• Fri. Jun 14th, 2024

Japan Subculture Research Center

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Governmental Parties to Youth: ‘We can be cool too!’

Last Sunday’s upper house election was notable because it was the first time 18 and 19-year-old were allowed to vote. Both current parties courted the youth vote, and while many look to the youth as more likely to oppose the current pro-war regime, the LDP got the most support from young voters. According to a Kyodo News report, 40 percent of new 18 to 19-year-old voters voted for the LDP in the proportional representation segment, while the Democratic Party (the main opposition,) received 19.2 percent.

When it came to whether youths think Japan’s war-renouncing Constitution should be revised, results were 47.2 percent of teenagers said they were against the revision, while 46.8 percent were in support.

In recent years, Japanese youth have been very much characterized by their apathy when it comes to participating in elections. But now with the lowered age requirement, more of the younger demographic has started to gain interest in voting.

One event that helped spark more youth turnout on Sunday was “Don’t Trash Your Vote,” a combination of voting party and rock concert in Tokyo’s Shimokitazawa neighborhood that mixed popular bands with updates on the election in between as well as a results viewing on the TVs following the music. 23-year-old college student Mio Takahashi said this was a great way to help encourage young students and workers to vote who would rather go to a concert than a voting both.

“Young Japanese people are constantly wanting to go out to parties in order to feel cool, other times they’re just busy at school or finding a job, so a lot of them don’t worry much about how elections might affect them,” Takahashi said. “But this kind of event helps spread the message that voting and knowing who you elect for our government is also important, so I think it’s a great idea mixing it with good music.”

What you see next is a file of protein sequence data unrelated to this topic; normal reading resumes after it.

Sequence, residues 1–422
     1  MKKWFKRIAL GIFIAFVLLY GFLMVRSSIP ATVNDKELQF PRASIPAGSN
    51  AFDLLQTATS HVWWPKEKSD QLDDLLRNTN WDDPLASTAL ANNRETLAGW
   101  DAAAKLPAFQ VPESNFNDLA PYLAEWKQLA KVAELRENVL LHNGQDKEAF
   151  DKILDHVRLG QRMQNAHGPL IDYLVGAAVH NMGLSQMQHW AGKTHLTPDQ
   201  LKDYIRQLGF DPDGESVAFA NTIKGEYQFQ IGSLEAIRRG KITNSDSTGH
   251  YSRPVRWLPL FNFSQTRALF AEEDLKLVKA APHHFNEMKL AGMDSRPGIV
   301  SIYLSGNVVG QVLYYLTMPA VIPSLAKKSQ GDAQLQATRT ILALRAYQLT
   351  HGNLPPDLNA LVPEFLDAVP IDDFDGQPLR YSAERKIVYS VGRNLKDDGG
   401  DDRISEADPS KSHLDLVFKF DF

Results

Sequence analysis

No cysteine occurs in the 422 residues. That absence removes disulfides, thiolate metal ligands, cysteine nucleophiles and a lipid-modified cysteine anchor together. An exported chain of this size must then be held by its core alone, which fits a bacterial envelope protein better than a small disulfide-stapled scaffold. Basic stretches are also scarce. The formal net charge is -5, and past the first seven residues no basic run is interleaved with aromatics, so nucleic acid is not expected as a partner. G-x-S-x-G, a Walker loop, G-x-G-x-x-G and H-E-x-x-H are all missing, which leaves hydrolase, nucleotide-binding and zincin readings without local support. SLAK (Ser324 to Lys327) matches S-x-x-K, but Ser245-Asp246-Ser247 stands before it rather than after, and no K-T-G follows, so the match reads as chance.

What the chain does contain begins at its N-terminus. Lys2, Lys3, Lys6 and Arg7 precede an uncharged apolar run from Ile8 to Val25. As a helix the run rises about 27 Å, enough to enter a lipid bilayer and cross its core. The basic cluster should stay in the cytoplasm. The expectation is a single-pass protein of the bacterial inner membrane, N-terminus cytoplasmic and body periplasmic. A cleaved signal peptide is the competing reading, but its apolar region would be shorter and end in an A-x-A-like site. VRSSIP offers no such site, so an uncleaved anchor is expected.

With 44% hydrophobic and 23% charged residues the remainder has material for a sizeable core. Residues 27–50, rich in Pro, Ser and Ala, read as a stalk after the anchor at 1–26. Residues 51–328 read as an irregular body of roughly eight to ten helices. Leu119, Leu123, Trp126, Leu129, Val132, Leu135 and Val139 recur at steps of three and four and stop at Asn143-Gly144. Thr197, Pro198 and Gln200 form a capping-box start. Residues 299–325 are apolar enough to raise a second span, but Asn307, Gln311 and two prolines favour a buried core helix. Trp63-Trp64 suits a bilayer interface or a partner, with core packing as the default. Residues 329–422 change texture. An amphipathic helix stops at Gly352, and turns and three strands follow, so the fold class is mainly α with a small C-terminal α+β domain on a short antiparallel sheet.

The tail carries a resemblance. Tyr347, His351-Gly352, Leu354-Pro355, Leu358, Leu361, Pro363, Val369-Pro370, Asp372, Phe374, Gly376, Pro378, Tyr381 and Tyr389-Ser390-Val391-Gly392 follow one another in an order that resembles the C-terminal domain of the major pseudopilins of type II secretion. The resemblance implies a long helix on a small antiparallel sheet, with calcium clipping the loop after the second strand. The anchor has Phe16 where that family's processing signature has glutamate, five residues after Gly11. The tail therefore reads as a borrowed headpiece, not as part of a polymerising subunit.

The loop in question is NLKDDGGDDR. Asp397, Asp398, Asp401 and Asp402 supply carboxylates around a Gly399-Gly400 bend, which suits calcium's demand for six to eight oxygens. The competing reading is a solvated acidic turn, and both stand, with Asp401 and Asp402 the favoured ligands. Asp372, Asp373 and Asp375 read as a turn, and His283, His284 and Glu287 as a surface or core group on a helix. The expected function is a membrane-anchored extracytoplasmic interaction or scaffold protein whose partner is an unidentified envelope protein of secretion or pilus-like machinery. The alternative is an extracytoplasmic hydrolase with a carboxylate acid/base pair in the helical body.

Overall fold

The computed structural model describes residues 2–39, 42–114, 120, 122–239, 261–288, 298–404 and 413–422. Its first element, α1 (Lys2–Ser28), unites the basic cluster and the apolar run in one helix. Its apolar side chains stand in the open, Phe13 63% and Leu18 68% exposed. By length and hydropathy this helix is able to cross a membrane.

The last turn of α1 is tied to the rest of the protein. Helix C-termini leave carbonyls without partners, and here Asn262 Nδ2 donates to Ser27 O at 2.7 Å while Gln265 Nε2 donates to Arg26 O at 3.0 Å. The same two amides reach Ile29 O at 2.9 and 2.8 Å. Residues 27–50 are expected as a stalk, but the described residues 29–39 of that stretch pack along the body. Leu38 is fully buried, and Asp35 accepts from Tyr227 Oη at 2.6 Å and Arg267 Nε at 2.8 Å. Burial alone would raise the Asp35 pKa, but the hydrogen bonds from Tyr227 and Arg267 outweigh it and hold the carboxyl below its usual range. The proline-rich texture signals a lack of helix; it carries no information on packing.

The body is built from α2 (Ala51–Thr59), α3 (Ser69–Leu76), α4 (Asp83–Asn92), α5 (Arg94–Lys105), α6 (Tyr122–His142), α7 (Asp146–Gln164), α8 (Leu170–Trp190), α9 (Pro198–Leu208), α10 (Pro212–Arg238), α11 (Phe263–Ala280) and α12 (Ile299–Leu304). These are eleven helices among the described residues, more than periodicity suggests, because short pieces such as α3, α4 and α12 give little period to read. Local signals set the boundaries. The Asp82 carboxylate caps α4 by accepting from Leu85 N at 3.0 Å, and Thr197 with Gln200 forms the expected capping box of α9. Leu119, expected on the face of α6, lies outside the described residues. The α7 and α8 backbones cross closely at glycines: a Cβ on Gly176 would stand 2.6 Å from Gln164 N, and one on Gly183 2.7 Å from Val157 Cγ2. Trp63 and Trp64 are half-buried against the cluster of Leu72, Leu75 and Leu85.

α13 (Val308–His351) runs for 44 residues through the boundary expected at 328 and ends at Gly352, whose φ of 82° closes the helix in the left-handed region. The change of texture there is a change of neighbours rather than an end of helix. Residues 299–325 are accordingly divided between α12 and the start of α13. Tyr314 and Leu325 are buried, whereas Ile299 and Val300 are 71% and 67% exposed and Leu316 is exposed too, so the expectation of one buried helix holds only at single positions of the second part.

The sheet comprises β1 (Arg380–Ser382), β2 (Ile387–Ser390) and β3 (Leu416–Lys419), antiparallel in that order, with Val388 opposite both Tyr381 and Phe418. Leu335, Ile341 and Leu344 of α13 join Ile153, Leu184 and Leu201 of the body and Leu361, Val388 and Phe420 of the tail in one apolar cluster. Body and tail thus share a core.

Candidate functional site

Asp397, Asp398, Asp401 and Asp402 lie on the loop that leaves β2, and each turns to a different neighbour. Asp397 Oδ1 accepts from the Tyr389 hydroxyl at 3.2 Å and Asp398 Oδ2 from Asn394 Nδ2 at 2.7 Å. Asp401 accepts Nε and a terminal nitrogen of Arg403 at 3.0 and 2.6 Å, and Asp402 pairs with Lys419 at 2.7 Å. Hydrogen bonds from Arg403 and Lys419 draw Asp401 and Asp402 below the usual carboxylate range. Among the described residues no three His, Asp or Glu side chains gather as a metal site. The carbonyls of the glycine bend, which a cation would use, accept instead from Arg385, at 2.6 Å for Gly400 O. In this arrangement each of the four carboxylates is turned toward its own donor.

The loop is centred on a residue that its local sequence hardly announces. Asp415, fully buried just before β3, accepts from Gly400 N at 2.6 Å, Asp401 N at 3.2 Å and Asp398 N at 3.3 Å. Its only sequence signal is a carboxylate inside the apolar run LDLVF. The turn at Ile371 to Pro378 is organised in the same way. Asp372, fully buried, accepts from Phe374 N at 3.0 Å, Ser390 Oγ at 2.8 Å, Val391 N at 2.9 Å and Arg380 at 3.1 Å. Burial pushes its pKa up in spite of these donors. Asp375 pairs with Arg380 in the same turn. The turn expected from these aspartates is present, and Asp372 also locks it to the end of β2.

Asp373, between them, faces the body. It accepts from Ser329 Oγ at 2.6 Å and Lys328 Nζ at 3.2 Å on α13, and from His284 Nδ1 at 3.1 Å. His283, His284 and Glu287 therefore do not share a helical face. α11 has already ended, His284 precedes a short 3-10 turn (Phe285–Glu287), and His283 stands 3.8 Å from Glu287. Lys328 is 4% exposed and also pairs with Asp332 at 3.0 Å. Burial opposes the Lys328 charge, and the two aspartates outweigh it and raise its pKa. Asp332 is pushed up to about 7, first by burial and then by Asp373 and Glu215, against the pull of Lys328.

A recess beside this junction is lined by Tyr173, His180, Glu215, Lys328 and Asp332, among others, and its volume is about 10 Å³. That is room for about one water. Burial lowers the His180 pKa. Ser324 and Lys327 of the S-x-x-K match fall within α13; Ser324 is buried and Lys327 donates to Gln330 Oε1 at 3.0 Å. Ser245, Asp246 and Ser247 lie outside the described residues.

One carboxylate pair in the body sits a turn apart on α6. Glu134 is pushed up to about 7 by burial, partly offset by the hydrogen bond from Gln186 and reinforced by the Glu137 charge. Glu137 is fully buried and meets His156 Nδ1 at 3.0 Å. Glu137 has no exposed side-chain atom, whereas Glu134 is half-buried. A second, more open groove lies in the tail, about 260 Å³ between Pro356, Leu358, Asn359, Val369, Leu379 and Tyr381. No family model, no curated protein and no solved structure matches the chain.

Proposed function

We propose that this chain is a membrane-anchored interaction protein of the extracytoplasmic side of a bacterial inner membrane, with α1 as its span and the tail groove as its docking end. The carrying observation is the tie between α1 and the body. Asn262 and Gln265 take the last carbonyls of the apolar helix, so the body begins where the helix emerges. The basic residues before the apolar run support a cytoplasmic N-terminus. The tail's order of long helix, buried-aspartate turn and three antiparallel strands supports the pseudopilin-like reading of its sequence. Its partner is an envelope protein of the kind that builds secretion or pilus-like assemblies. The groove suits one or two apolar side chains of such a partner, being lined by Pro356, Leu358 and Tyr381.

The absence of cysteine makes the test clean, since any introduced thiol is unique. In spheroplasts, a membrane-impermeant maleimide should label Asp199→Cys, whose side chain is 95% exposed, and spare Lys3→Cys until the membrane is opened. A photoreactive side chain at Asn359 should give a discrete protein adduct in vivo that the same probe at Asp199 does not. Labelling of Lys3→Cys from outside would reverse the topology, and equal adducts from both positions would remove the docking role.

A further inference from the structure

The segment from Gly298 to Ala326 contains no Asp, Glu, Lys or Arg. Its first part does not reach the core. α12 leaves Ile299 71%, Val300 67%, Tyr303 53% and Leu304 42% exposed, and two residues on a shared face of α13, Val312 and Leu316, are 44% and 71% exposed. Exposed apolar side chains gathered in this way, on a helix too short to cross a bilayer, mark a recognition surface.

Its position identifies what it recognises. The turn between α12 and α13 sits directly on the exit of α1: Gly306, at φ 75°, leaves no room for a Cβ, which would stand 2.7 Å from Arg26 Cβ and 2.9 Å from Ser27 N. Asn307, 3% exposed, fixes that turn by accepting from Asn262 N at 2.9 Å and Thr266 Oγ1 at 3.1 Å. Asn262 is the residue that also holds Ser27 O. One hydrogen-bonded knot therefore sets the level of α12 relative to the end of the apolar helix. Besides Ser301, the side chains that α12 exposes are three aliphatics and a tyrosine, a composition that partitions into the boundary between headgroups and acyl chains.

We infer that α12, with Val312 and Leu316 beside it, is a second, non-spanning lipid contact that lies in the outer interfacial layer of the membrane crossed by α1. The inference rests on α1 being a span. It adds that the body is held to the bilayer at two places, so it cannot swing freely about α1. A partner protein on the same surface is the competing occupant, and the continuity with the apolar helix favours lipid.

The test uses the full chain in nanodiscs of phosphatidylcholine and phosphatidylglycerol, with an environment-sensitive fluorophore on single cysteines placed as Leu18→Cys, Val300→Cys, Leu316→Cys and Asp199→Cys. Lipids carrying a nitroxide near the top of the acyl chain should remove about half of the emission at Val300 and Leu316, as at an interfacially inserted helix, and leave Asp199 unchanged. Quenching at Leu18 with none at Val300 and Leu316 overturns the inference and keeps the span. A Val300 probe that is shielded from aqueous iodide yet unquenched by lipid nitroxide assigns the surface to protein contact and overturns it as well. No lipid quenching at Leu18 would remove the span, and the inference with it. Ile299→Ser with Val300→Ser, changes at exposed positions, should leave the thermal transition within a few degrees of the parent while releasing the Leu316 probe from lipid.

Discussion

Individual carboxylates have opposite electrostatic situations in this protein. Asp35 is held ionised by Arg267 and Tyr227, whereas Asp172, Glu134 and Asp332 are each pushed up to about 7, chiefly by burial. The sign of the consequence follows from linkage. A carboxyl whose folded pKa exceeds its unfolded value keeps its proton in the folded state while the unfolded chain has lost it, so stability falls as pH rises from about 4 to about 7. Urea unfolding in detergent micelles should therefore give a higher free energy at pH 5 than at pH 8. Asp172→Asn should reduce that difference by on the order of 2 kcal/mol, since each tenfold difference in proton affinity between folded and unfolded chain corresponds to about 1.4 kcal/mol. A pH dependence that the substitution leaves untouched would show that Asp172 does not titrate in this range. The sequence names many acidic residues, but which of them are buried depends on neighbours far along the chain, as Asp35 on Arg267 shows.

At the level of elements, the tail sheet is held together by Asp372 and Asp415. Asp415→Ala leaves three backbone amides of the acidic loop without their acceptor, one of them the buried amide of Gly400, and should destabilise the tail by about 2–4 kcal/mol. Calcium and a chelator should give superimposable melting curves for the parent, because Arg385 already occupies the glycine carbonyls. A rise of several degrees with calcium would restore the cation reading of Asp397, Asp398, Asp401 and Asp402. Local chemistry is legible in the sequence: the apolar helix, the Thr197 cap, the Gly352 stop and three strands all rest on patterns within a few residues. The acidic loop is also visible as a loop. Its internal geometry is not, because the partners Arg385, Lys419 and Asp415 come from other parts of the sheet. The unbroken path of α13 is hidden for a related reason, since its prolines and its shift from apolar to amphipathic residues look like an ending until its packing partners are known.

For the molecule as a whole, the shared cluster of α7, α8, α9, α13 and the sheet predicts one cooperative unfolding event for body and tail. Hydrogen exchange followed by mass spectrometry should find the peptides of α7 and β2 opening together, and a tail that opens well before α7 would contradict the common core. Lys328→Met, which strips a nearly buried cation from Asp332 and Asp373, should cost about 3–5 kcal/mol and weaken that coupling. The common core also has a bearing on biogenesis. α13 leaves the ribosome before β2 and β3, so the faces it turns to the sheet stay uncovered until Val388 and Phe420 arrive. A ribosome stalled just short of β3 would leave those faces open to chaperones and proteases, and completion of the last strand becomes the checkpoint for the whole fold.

Entertainment means, such as music, have been popular in Japan to send political messages. Naoya Matsumoto, a 30-year-old bass player and drummer for one of the bands at the Sunday event, agreed that a lot of bands enjoy the chance to help motivate the audience for a greater cause.

“When our band heard about this, it sounded like a great opportunity for us to play to people while also getting a message across about the importance of politics and helping inform more young Japanese people,” Matsumoto said. “In between each band, someone would get up and talk about the incoming results, as well as motivating them as young people to make a difference.”

Even the LDP has used music to help garner votes. In an attempt to appeal to Japan’s Otaku (people very invested into Japanese manga and anime), as well as Net Uyou (cyber right-wingers) demographics, LDP officials gave a speech Saturday in front of the AKB 48 Cafe (named after the all girls band criticized for promoting sexualization of pre-teen girls but has a huge following in Japan). The AKB members elections often have just as much attention as the governmental parties elections do, so it very well may have impacted the results.

For the youths who have protested and voted to attempt to stop Abe and his parties from revising the constitution, the future does not look very bright. Students Emergency Action for Liberal Democracy (SEALDs), has been the primary youth protest group against Abe’s undemocratic plans of the past several years, but may soon be disbanding. Last October, SEALDs announced it would plan to dissolve following Sunday’s Upper House election, mostly because their members have all grown into their early 20s and will soon graduate University. SEALDs was also a proponent of using music to send messages to youths who may have not many opportunities to be taught why avoiding a dictatorship-like future is similarly important to them finding a job out of school.

Known for its demonstrations that sometimes included rap-influenced music and stylish placards, SEALDs was very much encouraged by political professors and democratic party officials to continue their resurgence in youth activism that sparked hopes in society that the nation’s youngsters may finally start caring about who is elected.

It begs the question: Why disband when the country seems to need youth protest the most? SEALDs leading members said if any other members wish to create a new group they may do so, but why weren’t any followup leaders in place? It could be because of the demanding needs of daily life and job-hunting, which  many Japanese college students seem to value over taking any kind of political stand when schoolwork is more important. Seeing how music can really draw out the uninformed young Japanese to vote, this could be a major issue now that Abe and his parties control a two thirds majority in the Upper House and could rewrite the constitution. Without the streets filled with angsty, pro-freedom music from SEALDs, it might all be replaced by LDP members buying out their own shows to promote a new, more conservative generation of young adults.


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